Hurricane Prep Week 2023: Two More Names Retired this Year

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19 May 2023 11:00 AM

Why Are Hurricane Names Retired

Ian ... Katrina ... Harvey – hurricanes that will never be forgotten… and hurricane names that will never be used again. How and why do hurricane names like these get retired?

The World Meteorological Organization, an international group of scientists, creates the list of names used to label each tropical storm and hurricane. The names are used in alphabetical order, and range nearly the entire alphabet, A to W. The same lists are recycled every six years unless a name is retired. If a storm is particularly damaging or destructive, the WMO decides if the name should not be used again. Future use of the name would be insensitive to those whose lives were altered by the storm. 

Most recently in 2022 the WMO retired Hurricane Fiona after it slammed into Puerto Rico bringing widespread flash flooding to the island. The storm then survived all the way to the Canadian Maritimes, as a post tropical cyclone, the costliest for Atlantic Canada. Ian was also retired after it made landfall on Florida’s Gulf Coast in late September, Ian caused widespread flooding and extensive erosion along the Atlantic Coastline. Ian was responsible for 150 deaths and caused over $150 billion dollars in damage, the most expensive hurricane in Florida history and 3rd costliest in U.S. history behind Katrina and Harvey.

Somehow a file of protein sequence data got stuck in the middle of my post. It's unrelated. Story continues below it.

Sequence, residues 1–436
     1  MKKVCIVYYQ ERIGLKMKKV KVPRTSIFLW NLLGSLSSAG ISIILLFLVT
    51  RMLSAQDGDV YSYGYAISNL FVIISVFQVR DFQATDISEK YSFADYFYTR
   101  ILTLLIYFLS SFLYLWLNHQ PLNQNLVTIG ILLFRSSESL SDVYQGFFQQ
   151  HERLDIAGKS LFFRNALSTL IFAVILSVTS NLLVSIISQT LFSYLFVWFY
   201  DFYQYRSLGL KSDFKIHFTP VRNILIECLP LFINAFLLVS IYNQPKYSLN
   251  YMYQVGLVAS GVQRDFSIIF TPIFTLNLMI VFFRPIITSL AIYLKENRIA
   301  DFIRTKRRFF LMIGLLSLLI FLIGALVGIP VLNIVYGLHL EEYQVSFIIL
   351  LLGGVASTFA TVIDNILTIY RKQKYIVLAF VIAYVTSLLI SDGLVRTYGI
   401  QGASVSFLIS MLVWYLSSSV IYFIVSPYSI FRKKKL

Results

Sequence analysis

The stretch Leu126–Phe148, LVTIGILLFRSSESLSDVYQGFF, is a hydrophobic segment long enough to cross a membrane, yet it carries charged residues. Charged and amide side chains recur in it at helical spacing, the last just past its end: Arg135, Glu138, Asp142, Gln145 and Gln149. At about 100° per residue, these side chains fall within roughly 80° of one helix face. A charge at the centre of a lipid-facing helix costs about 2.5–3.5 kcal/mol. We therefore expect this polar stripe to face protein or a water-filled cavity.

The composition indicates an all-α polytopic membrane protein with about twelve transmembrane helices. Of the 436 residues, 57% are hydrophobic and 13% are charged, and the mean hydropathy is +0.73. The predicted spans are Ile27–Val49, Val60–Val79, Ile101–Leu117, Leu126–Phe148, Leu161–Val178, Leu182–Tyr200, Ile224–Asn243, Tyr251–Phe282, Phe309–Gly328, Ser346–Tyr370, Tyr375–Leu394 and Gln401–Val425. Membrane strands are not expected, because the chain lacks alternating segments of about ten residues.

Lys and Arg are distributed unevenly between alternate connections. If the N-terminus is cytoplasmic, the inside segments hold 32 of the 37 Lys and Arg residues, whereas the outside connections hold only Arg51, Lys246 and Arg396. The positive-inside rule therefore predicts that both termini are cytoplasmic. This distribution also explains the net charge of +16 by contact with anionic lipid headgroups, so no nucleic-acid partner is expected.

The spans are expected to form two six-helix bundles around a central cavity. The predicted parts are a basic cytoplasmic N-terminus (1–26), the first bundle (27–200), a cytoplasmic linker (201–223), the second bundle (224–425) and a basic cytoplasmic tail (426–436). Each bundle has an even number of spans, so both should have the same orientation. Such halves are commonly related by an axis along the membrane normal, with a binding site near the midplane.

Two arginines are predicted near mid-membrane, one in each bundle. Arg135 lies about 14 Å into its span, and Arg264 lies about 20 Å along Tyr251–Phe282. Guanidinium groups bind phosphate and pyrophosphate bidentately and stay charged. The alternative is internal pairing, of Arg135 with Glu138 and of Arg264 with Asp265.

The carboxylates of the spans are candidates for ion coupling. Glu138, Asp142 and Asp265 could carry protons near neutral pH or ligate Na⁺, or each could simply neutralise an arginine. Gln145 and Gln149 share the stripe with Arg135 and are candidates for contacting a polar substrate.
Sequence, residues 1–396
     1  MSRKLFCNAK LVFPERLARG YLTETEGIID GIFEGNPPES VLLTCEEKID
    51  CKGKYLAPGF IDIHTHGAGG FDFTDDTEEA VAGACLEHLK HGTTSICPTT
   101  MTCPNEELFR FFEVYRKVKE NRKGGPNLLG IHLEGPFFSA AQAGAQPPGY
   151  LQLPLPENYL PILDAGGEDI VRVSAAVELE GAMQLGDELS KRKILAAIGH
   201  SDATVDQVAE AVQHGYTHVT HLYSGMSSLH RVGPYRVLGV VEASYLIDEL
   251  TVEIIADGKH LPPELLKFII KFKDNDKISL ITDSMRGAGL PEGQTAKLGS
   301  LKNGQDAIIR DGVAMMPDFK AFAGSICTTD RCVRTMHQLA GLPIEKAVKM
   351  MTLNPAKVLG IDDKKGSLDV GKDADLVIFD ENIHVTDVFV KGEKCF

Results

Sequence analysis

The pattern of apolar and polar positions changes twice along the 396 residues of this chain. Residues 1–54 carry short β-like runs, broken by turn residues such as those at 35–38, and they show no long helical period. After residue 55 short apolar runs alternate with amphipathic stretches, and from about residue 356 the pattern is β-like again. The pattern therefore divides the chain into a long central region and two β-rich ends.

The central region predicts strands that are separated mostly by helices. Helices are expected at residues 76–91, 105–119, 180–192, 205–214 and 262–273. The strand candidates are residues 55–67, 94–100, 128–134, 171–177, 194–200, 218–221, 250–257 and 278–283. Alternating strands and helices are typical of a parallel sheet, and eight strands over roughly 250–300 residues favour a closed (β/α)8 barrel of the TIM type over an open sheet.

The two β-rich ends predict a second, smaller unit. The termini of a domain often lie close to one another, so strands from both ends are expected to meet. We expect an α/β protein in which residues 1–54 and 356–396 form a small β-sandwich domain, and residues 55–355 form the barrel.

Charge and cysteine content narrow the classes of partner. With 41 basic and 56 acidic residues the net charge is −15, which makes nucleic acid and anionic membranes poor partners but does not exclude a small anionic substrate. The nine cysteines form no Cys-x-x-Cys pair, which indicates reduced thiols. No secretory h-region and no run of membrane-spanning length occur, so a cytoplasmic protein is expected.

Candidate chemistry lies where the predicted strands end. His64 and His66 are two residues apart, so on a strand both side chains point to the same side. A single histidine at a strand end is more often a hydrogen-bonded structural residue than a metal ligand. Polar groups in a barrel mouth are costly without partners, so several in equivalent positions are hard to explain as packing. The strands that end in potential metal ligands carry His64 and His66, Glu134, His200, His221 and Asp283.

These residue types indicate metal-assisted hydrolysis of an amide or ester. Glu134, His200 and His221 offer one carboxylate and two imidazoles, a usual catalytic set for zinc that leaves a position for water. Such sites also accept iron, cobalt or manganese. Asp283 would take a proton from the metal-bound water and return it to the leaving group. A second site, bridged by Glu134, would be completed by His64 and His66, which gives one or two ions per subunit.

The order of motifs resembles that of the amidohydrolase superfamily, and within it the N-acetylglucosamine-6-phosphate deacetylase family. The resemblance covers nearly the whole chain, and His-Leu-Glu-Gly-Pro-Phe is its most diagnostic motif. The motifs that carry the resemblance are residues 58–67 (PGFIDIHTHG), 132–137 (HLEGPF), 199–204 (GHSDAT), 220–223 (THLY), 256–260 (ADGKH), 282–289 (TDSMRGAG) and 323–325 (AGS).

In the last three seasons 6 hurricane names have been retired. Because of confusion in 2020 season, the Greek alphabet will not longer be used to name hurricanes, instead an alternate list will be used. In all, 96 names have been retired by the World Meteorological Organization. 

Do Hurricanes Ever Strike the Same Place Twice?

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